An outsider’s take on the Marvel Cinematic Universe: ‘Thor’ (2011) (Movie review)


his blog series chronicles my first viewing of the complete MCU movie saga. I’ll examine each film under various categories that reflect popular discussion points. Next up is the fourth film, “Thor” (2011):


“Thor” has a vibrant cast of characters and both Asgard and New Mexico are wonderful places to visit on screen (although in both cases, I wouldn’t want to live there). Asgard is visually beautiful, with its Rainbow Bridge and the device that blasts people through wormholes to the other planets in the realm. I am a sucker for fish-out-of-water humor, so I enjoy Thor (Chris Hemsworth) interacting with Jane (Natalie Portman) and other Earth humans for the first time. And there’s pretty good ruling-family drama between Thor, Loki (Tom Hiddleston) and their dad (Anthony Hopkins).


I felt “Thor” needed a bit more of the things it is structured to serve up on a platter: the Jane-Thor relationship and the befuddled-outsider humor. Maybe the somewhat convoluted in-house Asgardian power plays could’ve been tightened up to make room for this.

I felt “Thor” needed a bit more of the things it is structured to serve up on a platter: the Jane-Thor relationship and the befuddled-outsider humor.


The buff Hemsworth is a visually perfect Thor, and a decent enough actor. Thor’s backstory is similar to Superman’s, but with more pathos and room for nuance, as he is banished from Asgard to Earth due to his immature warmongering. On Earth, he must learn that violence is only to be used in defense – acquisition of the famous hammer is predicated on this – and that ultimately ties in nicely with his budding love story with Jane.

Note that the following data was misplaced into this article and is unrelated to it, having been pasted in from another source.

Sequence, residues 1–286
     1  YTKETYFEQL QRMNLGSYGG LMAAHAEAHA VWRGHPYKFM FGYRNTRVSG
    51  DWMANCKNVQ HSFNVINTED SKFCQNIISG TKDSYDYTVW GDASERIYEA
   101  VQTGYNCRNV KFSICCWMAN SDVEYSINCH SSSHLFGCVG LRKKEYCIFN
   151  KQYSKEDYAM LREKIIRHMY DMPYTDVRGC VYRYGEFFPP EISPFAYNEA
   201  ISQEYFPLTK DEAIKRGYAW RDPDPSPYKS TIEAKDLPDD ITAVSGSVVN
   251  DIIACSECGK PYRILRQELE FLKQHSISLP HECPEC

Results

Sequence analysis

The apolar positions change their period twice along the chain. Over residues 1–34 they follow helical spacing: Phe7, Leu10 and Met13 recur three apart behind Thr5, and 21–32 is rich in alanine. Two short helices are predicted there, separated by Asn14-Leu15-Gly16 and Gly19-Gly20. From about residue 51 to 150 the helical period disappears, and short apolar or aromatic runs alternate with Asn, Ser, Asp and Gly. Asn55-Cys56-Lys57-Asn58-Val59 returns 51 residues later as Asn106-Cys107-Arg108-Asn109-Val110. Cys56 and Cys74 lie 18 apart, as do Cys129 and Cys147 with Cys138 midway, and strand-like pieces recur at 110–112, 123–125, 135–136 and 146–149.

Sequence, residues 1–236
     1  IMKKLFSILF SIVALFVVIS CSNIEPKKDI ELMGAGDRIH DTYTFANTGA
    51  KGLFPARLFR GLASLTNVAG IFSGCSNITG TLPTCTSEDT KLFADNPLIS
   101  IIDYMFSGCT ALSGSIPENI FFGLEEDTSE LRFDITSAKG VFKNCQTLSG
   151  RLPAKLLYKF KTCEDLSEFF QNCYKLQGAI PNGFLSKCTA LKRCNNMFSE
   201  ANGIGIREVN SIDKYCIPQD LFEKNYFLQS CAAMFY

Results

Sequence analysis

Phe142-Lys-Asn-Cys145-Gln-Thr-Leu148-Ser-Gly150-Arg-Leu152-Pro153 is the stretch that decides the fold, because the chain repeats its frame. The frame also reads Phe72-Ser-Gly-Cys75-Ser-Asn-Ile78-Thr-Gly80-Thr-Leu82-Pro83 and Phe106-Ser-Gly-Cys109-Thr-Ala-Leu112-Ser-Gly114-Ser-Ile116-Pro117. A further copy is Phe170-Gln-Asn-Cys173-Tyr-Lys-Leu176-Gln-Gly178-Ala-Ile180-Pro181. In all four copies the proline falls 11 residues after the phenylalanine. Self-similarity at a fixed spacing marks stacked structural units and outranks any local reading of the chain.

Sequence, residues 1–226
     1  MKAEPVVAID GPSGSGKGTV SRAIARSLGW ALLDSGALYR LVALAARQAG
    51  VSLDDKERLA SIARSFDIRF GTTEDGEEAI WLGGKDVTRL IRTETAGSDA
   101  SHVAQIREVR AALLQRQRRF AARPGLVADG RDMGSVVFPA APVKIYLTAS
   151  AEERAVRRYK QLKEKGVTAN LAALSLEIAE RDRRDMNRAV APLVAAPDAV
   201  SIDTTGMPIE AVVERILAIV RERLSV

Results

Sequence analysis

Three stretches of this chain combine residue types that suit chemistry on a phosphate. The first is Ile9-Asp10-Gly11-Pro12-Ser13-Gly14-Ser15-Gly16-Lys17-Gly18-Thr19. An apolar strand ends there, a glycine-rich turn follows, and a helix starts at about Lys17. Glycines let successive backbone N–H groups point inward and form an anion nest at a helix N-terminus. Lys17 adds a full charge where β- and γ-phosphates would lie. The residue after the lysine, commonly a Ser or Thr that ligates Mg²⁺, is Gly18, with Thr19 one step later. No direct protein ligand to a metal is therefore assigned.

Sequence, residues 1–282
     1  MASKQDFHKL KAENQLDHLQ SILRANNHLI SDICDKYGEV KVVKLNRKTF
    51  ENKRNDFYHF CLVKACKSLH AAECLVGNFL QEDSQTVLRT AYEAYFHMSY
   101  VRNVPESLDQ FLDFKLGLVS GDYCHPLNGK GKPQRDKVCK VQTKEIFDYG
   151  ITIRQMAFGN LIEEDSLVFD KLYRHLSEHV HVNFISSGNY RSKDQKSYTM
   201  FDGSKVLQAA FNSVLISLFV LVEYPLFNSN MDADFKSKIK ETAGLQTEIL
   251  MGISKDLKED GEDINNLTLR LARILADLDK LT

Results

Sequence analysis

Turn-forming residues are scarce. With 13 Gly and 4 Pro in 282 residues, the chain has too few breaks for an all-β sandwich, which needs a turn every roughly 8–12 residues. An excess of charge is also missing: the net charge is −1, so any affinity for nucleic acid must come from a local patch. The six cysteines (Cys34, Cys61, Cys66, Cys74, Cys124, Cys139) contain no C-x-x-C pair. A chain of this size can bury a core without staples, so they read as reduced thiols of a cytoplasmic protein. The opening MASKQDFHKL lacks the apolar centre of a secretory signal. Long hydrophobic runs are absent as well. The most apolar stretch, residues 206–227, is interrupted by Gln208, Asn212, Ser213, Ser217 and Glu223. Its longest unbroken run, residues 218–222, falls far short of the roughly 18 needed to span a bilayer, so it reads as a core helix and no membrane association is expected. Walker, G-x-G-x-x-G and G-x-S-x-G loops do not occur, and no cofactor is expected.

Being Thor’s brother, Loki is the most personal villain in the MCU thus far – and, from what I gather, a fan favorite. His scheming strikes me as a bit convoluted, but kind of interesting. At first, he is the more mature and wise brother, who sees the folly of Thor’s youthful bloodlust. But it turns out he had something to do with the whole cycle of violence himself, by allowing the Frost Giants’ initial infiltration of Asgard (even though he doesn’t learn his Frost Giant heritage till after that). I may be misunderstanding some of this, but I get the broad family dynamic, at least.

Also on the villain front: S.H.I.E.L.D., led by Agent Coulson (Clark Gregg), outright steals Jane’s research into the atmospheric event in the name of national security. I know they are the ostensible good guys, but they sure are arrogant SOBs. They think they are efficient, but I see them as buffoons who don’t recognize the obvious fact that Jane, Darcy (Kat Dennings) and Erik (Stellan Skarsgard) could be valuable allies if they simply treated them as such. Instead, S.H.I.E.L.D. immediately makes enemies out of them, which just causes a distraction. Objectively, S.H.I.E.L.D. is a villainous group in “Thor.”